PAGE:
"It gives them a second life," said Don Clippinger, a spokesman for the National Steeplechase Association. "It builds a closer relationship with the thoroughbreds and their owners and trainers because they are running much longer than other race horses." 

'Old school of horse racing'

Jockey Ross Geraghty likes the danger of steeplechase racing. The 42-year-old Ireland native said he's been dropped by horses many times during quick turns and tall hurdles. But dusting himself off is his favorite part of the sport. On Sunday, he'll ride in five of the six races. 

"It certainly beats a 9-to-5 job," Geraghty said. "If you love what you do, it isn't really work now, is it?" 

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Horses clear a jump during the 2018 Steeplechase of Charleston at Stono Ferry. File/Lauren Petracca/Staff

Steeplechase jockeys are tough. They've typically been riding for a long time on all types of terrain: dirt, grass, mud, just name it. Some are professional, but many are amateurs from overseas trying to make a name for themselves stateside. They are also heavier than their counterparts who run on other terrains, and they have to be able to hold on tight while the thoroughbred is leaping over a hurdle. 

Sunday's race was supposed to determine the winner of the National Steeplechase title. Two jockeys were vying for the honor, but one of them broke his jaw during a race this week. Michael Mitchell, the unscathed rider, decided to split the national title with his competitor. 

"If I was going to run and win, I wanted to earn it," Mitchell said. "In this sport, there is huge risk, especially with the unpredictability of it. You're running fast, you're jumping high. It's a very humbling sport." 

While Steeplechase racing is hard work for jockeys, it's a relaxing spectacle for attendees. 

Many flat horse racing tracks are more like football stadiums, where the audience pays more attention to their odds books or watches the race on a massive LED screen. If it's a race like the Preakness Stakes or the Kentucky Derby, half of the audience may be standing in the infield or slopping in the mud after one too many mint juleps.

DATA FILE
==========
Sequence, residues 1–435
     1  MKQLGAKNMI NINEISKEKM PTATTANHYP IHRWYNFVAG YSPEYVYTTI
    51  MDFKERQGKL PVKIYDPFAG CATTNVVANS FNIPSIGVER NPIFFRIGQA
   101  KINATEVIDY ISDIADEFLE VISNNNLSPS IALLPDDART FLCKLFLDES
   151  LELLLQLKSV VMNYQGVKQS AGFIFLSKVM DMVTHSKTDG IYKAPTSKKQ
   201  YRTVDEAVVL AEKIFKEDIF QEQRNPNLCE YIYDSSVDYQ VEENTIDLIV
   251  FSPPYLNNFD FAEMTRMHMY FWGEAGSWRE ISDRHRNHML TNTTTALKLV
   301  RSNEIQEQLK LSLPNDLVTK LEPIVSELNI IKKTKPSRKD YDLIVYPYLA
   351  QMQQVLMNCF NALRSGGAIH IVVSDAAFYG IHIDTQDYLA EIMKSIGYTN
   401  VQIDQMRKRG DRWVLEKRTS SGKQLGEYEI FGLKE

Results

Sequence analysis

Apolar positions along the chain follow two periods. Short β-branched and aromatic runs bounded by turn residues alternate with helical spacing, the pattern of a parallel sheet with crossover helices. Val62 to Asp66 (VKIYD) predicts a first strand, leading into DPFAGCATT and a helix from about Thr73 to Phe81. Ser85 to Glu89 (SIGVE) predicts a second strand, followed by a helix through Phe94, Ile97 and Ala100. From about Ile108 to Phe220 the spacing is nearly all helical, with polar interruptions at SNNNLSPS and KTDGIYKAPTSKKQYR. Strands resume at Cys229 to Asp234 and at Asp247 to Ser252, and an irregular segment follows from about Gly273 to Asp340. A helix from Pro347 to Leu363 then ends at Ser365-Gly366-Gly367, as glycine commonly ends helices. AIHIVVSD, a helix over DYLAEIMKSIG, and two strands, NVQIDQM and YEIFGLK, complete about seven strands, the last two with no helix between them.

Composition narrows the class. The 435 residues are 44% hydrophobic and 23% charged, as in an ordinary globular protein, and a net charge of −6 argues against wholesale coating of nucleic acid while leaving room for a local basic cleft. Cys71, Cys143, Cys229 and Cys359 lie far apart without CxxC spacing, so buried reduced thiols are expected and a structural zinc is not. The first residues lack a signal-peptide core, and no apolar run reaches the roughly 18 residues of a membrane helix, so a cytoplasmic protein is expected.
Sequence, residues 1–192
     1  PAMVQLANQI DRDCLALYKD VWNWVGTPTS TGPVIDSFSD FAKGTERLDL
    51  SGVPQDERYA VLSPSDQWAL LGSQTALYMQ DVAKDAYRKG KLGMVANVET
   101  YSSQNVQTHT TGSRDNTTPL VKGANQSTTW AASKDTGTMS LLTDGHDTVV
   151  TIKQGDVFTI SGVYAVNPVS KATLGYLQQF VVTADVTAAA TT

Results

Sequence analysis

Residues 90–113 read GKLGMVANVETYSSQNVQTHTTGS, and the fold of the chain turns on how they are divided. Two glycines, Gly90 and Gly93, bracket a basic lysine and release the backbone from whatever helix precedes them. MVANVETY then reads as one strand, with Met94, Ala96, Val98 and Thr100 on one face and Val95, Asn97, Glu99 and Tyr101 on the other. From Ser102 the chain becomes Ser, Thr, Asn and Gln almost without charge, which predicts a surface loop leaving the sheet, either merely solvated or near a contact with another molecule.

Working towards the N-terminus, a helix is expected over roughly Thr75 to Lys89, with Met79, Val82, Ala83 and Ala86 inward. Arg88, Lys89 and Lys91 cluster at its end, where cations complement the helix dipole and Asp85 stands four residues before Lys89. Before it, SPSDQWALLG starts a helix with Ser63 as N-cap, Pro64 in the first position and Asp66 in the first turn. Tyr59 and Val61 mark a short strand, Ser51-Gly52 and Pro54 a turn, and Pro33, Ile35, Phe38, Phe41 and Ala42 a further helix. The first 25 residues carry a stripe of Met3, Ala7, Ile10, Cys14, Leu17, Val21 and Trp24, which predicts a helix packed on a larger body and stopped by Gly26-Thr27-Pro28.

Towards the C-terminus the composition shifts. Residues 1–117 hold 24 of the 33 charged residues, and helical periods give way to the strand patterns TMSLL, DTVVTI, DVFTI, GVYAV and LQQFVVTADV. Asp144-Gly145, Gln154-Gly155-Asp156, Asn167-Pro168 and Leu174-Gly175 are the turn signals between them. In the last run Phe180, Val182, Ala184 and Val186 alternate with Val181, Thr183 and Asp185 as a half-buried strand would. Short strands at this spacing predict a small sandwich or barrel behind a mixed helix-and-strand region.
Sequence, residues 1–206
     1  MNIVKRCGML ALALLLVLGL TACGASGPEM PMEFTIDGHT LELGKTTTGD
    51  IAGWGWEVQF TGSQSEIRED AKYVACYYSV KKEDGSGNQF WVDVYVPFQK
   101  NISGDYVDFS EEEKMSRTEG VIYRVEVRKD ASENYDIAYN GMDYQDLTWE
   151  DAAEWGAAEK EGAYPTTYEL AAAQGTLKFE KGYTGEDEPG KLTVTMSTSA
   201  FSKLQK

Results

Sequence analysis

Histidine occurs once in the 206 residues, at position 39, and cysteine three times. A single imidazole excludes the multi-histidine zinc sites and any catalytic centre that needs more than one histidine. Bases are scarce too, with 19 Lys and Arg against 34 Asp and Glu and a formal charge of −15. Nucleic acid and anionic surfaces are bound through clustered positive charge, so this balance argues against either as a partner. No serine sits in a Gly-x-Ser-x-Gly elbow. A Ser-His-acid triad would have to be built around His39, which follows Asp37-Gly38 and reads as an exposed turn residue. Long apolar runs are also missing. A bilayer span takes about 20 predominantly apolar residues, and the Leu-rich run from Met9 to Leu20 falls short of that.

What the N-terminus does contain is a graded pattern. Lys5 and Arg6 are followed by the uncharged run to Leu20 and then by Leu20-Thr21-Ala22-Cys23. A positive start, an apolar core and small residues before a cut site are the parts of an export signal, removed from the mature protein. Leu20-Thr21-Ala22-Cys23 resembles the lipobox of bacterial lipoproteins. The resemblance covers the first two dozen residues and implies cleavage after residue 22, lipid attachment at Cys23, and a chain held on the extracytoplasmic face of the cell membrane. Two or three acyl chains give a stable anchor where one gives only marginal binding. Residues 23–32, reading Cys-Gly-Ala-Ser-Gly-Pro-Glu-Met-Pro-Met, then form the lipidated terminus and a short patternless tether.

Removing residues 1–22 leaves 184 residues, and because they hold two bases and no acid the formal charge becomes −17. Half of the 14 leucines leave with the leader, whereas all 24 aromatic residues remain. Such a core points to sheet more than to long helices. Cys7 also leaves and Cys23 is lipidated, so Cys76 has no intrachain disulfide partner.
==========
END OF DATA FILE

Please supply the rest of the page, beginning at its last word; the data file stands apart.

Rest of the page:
Steeplechase races are not like that.

"It's a different experience," Clippinger said. "Steeplechase of Charleston is very family oriented. It's an experience as much as it's a horse race. People are tailgating, the kids are throwing footballs, and it's a good opportunity to see horse racing close up."

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Toni Sanders of Spartanburg, left, dances by the stage during the Steeplechase of Charleston at Stono Ferry on Sunday, Nov. 11, 2018. File/Lauren Petracca/Staff

Audience members can get up close to the railing, and they can peak over as the horses vault and ride the corners on the turn.

In South Carolina, betting on horse racing is not allowed. Still, many feel that steeplechase racing has continued to thrive because of its emphasis on the sport itself, not the dollars being thrown around because of it. 

Steeplechase of Charleston was owned by The Randolph Co., which operated the race since 1986. When The Post and Courier purchased the race this year, Evening Post Industries Chairman Pierre Manigault said he wanted to highlight the unique nature of steeplechase racing. 

"Steeplechase represents the old school of horse racing when owners and trainers had smaller, more intimate stables and raced more for bragging rights than checks," he said. "Also, they’re usually held in lovely rural, pastoral settings, which makes for a wonderful day in the country."

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Reach Thomas Novelly at 843-937-5715. Follow him @TomNovelly on Twitter. 

Thomas Novelly reports on crime, growth and development as well as military issues in Berkeley and Dorchester counties. Previously, he was a reporter at the Courier Journal in Louisville, Kentucky. He is a fan of Southern rock, bourbon and horse racing.